They came in 18th overall in the Flying Dutchman (FD) competition, but they came in first in the hearts of the Japanese.
Stig Lennart Käll and his younger brother Lars Gunnar Käll were sailing in the third race of seven in the 1964 Tokyo Olympics FD-class competition when they saw another boat ahead of them capsize, and of the two crew members floating in the middle of the Sagami Bay. Making a fairly quick decision, the Käll brothers steered their way towards the sailor in the water and plucked Australian Ian Charles Winter out of the water. Then they proceeded to the capsized Australian boat, Diablo, to rescue the second member of that crew, John Gregory Dawe, pulling him into the Swedish boat, Hayama.
According to the Japan Times on October 21, 1964, the exploits of the Swedish FD crew were publicized nationally in the Japanese press, sparking a barrage of gifts to be sent by grateful well-wishers to the sailing Olympic Village in Oiso, not far from the Enoshima Harbor where the sailing competition was taking place.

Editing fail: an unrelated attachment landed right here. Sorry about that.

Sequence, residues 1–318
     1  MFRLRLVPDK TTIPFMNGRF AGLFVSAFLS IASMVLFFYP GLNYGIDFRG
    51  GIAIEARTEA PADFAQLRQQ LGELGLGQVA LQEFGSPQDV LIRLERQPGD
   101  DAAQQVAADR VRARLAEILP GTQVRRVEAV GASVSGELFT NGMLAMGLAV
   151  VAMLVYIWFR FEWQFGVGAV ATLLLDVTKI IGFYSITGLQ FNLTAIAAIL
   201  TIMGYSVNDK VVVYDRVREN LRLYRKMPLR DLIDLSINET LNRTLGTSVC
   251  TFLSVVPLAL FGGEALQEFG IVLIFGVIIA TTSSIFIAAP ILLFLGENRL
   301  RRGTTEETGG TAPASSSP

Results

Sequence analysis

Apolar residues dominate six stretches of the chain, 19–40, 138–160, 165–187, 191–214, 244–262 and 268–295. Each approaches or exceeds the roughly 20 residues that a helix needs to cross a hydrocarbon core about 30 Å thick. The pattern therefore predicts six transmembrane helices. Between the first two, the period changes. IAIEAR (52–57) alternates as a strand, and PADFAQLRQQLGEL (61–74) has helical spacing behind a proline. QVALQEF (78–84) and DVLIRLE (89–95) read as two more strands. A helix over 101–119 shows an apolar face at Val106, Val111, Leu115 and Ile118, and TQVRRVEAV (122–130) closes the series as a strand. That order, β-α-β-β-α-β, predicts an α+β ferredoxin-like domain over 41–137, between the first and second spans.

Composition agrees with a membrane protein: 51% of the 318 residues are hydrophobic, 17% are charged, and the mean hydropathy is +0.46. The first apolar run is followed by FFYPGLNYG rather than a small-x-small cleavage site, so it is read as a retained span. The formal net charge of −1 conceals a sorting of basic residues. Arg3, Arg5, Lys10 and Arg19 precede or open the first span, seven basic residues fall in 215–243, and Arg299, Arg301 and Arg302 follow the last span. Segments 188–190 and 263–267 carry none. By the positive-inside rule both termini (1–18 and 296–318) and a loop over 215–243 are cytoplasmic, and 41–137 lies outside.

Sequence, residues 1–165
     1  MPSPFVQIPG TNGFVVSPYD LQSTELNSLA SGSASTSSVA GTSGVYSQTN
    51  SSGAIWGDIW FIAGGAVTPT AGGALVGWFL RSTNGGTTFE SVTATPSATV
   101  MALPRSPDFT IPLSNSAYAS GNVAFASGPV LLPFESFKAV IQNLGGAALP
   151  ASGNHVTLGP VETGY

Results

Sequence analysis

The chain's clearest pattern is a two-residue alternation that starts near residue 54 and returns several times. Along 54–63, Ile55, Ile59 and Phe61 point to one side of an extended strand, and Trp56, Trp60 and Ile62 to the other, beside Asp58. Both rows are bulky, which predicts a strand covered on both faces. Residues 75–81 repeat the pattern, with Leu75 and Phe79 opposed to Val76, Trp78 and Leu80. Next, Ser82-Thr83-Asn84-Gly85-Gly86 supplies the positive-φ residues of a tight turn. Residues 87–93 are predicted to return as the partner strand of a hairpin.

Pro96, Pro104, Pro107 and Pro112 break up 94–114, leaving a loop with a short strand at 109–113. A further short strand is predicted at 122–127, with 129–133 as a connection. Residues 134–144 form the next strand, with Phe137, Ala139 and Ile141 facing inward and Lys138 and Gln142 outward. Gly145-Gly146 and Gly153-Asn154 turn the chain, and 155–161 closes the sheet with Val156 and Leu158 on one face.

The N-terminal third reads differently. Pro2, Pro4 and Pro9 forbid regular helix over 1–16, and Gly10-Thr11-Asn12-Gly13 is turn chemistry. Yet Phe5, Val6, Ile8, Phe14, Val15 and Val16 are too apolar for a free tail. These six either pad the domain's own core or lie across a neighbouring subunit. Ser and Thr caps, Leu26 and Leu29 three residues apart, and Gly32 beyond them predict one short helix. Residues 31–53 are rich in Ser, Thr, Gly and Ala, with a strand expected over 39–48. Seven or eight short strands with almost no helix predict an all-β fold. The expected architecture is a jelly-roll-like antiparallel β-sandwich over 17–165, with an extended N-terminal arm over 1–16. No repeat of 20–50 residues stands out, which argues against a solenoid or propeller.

Their behavior also led to the creation of the Fair Play Prize. The first winners of this prize – the Käll brothers.
The Swedes still placed 12th out of 20 in that particular race. Seven others, including the Australian boat, did not finish the race. Of the six other races in the competition, this had by far the highest number of boats that could not finish. And yet, the Swedish brothers not only finished, they beat out one other boat – this despite taking time to rescue the Australians, and taking on considerable extra weight with the two new crewmen.